"Some calls it madness...I calls it HiDeeHo." - Cab Calloway
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Saturday, September 20, 2003


Yet more culinary triumphs from the kitchen of your favorite Gourmancer!

We had mashed potatoes left over from dinner last night. I didn't just drown them in garlic butter and scarf them down, oh no. I turned them into two loaves of bread that look oddly like giant potatoes themselves. If you take about 1-1/2 cups of mashed potatoes, 4-1/2 cups of flour, 1/2-cup of warm water in which you have mixed 1 tablespoon of proofed yeast and 1 teaspoon of sugar, and a quarter of a stick of melted butter, all mixed and kneaded as per usual, you've got a dough that only takes an hour for two rises and another 45 minutes to bake. Julia Child, the author of this recipe, says this is a good one to make "on a whim." I suppose if you're used to making a pain de campagne that can take up to 3 days to do properly, 2 hours is fairly spur of the moment.

Also, I rediscovered snickerdoodles. All you have to do for those is make a chocolate chip cookie dough (preferably with all brown sugar and butter), leaving out the chocolate chips and using a full assload of cinnamon and maybe a pinch of nutmeg and cloves...um. Yeah. Mo helped me with these, in that she measured out a dozen, rolled them in the cinnamon sugar and placed them properly on the baking sheet. You can't tell which ones she did and which ones I did. Good girl.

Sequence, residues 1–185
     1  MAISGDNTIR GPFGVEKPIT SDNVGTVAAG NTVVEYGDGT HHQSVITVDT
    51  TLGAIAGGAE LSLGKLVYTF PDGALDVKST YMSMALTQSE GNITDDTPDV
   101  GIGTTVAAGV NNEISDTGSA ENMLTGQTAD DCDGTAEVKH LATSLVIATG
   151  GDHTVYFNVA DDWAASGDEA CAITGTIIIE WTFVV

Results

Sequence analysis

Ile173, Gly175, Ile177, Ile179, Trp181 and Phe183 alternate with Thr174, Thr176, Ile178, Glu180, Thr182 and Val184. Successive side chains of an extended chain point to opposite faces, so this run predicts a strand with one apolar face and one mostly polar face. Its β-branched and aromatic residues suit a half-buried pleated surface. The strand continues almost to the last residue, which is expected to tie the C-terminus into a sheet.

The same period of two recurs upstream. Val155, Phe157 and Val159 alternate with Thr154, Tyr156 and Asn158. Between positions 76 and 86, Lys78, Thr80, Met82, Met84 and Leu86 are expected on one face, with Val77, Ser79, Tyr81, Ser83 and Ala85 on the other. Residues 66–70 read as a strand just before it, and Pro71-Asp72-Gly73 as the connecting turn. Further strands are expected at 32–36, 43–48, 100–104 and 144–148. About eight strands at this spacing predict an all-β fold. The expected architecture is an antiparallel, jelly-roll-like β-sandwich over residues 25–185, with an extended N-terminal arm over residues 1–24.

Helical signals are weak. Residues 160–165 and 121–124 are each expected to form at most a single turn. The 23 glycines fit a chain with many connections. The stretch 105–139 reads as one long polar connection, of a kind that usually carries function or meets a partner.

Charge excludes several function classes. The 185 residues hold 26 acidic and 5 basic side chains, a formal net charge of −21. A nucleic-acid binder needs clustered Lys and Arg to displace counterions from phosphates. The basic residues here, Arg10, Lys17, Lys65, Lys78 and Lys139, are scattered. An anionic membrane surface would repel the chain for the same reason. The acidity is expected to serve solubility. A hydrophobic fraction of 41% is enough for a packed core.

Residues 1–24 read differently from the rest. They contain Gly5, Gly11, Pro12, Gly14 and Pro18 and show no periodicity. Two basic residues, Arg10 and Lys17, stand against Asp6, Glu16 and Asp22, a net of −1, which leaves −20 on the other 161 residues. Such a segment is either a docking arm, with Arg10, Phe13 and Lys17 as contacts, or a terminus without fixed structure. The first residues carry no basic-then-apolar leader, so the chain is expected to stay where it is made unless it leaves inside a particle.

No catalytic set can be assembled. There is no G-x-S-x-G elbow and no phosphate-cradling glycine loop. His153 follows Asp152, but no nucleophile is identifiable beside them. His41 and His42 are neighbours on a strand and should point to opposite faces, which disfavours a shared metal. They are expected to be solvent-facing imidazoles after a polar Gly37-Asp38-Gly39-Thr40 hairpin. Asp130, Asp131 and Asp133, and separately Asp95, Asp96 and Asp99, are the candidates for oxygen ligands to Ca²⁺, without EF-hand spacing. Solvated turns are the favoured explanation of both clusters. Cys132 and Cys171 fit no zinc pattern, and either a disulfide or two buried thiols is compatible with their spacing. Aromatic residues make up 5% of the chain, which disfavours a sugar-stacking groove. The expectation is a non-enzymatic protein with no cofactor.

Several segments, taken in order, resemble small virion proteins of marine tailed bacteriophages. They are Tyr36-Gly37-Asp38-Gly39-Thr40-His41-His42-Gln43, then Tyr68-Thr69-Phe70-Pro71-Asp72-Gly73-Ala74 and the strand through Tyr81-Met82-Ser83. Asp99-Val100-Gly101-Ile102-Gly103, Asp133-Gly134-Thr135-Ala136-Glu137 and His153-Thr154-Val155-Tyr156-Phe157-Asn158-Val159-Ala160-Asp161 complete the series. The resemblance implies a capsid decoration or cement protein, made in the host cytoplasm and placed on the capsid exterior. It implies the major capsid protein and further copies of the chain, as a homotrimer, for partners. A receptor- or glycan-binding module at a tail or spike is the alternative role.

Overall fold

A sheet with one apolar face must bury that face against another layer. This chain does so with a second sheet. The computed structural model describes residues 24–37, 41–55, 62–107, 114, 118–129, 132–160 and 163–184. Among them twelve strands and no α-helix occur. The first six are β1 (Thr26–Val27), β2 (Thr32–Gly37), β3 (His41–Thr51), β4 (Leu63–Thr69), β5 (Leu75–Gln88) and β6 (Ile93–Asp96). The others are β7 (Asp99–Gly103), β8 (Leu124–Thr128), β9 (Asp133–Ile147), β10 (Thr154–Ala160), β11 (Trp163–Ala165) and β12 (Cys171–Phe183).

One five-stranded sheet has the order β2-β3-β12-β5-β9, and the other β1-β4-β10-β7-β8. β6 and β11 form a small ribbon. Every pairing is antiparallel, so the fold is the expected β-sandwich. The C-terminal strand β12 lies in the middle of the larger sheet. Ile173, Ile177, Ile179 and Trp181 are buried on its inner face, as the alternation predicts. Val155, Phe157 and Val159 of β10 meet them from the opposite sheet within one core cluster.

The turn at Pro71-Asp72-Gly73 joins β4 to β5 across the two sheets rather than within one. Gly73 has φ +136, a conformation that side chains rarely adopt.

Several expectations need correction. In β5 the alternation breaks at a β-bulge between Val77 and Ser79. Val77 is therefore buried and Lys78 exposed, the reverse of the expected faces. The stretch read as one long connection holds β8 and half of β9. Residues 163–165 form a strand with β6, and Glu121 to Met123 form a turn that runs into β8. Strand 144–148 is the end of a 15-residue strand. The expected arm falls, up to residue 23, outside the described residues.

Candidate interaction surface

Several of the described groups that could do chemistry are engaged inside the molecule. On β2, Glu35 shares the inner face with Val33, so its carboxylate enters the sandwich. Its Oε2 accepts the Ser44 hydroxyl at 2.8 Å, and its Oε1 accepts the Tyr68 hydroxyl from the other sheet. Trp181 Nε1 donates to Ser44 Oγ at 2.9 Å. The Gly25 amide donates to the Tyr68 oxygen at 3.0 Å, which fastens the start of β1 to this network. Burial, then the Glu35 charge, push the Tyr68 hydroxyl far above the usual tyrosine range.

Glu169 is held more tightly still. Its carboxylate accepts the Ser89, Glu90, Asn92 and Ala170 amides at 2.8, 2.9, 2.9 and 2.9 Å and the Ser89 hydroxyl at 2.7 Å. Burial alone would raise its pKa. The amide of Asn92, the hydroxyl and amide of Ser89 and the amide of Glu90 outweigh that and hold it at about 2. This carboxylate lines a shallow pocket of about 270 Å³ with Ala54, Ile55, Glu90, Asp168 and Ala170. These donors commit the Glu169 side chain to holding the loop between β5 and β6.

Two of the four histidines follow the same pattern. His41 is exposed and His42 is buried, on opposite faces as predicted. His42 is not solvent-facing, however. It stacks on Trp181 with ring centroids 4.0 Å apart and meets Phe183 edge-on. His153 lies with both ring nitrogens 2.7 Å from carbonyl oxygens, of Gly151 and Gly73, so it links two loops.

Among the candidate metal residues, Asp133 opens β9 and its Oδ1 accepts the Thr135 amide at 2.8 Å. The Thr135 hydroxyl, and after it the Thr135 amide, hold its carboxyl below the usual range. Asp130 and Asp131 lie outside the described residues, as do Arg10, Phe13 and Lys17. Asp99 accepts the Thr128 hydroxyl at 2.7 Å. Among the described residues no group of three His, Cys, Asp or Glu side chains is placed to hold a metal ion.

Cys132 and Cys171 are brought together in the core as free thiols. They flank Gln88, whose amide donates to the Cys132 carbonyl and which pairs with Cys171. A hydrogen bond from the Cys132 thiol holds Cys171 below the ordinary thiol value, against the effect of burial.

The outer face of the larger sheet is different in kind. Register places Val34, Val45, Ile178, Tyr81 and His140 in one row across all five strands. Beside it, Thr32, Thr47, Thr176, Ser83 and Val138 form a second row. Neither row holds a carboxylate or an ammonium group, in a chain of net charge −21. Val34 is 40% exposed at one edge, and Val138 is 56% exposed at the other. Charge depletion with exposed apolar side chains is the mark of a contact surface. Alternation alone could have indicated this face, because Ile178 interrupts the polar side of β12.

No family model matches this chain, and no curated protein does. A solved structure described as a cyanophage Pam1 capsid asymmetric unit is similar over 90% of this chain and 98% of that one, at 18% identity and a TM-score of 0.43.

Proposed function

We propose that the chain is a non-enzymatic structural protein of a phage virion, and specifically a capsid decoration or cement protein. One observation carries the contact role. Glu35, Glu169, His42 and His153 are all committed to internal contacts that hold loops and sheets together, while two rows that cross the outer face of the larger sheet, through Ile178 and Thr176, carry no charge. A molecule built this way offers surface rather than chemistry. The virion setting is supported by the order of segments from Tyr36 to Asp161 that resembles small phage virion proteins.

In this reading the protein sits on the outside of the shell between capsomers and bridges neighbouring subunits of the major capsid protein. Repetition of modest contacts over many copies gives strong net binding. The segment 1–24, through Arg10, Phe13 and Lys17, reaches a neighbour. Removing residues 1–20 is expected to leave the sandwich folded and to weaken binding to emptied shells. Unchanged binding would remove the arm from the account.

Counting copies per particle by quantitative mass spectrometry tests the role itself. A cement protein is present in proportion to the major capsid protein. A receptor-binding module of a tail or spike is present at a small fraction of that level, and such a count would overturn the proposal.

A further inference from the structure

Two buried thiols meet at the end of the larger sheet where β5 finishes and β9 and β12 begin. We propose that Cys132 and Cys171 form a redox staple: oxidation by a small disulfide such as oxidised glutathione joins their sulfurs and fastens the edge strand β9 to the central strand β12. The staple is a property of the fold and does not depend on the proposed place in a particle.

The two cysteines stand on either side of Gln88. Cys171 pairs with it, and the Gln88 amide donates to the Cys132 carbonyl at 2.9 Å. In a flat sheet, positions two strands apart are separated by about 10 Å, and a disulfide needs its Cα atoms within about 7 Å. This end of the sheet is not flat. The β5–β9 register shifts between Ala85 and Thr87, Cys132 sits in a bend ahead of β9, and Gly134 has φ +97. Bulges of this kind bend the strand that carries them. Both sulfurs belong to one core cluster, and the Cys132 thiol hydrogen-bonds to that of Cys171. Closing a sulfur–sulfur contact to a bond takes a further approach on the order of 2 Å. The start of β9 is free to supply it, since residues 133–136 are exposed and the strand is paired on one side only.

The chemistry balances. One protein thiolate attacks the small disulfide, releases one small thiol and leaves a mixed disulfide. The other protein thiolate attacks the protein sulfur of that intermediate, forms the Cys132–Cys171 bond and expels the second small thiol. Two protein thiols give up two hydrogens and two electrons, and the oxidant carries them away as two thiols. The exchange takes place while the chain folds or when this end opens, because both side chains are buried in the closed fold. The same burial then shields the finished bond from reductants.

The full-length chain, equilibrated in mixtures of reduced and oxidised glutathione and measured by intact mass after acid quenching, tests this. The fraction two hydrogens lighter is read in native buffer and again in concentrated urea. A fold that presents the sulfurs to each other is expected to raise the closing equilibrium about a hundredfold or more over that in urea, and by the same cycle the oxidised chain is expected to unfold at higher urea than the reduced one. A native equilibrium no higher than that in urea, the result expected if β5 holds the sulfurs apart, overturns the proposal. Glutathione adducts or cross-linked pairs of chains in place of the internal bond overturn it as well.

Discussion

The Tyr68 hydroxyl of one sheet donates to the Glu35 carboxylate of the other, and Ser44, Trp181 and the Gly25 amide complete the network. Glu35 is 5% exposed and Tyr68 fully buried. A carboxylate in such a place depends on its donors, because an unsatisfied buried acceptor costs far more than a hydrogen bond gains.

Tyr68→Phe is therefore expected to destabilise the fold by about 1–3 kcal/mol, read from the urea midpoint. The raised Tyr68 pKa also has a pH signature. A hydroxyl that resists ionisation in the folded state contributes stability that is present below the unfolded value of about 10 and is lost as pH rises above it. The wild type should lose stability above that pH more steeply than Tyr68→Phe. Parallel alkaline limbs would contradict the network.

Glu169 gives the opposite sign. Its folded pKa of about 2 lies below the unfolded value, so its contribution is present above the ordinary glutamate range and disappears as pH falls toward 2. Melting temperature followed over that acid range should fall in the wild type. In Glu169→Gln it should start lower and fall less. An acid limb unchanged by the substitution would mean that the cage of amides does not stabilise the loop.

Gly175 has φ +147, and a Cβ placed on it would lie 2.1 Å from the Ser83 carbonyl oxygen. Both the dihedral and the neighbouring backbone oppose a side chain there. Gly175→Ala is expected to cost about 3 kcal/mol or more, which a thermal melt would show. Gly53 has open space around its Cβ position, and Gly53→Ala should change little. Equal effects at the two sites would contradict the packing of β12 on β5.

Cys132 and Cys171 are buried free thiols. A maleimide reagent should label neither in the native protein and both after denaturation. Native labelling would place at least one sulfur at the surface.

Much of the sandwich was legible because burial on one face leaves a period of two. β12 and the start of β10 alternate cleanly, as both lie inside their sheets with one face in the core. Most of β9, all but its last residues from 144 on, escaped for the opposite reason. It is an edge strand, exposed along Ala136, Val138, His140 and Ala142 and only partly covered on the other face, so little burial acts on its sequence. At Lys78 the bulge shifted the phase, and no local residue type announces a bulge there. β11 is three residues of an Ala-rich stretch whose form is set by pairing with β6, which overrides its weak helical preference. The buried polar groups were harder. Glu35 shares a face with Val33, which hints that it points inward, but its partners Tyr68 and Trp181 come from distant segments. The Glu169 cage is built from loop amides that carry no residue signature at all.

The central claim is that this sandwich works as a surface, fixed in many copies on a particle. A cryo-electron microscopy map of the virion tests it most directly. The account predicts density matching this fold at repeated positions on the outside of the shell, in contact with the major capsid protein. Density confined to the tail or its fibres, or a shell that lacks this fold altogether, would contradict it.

I have been asked to convert my notorious brownie recipe to a vegan version. Hm...I mean, the substitution for butter would have to be margarine, but what can make a good substitute for the eggs? Eggs are almost all albumin, water and cholesterol by composition. I'm not sure you can make a decent brownie without eggs. I think maybe (blurgh, uck) soft tofu with some extra water and more melted margarine might work. We'll have to see. And we'll have to leave out the milk chocolate chips and dig up some vegan chocolate with coconut oil or some such.

Poor Josh and Mo will have to be my guinea pigs. Oh not the horror of eating my goodies! Oh no!

posted by Julie Neff  # 9/20/2003 02:17:00 PM

Wednesday, September 17, 2003


Today I walked about 12 miles in 3 hours, give or take. Granted, I wasn't carrying anything heavier than a bottle of water, but I had to cross some good-sized hills along the way.

I felt very much like, for want of a better term, an AD&D ranger. Traveling very light, following a trail that was poorly marked and overgrown, staff in hand, noting who had passed recently, discerning what was scurrying in the undergrowth without actually seeing them (squirrel? chipmunk? gopher? snake? bunny? some teenage hunters?), leaving as little of a trace as I could and on my way to an old holy site - the Stone Elephant.

This huge boulder, a glacial erratic and landmark in the southern kettle moraine, was a place where the local Potowatomi (the same ones who partied out on Bald Bluff, presumbaly) would make offerings and make pilgrimages.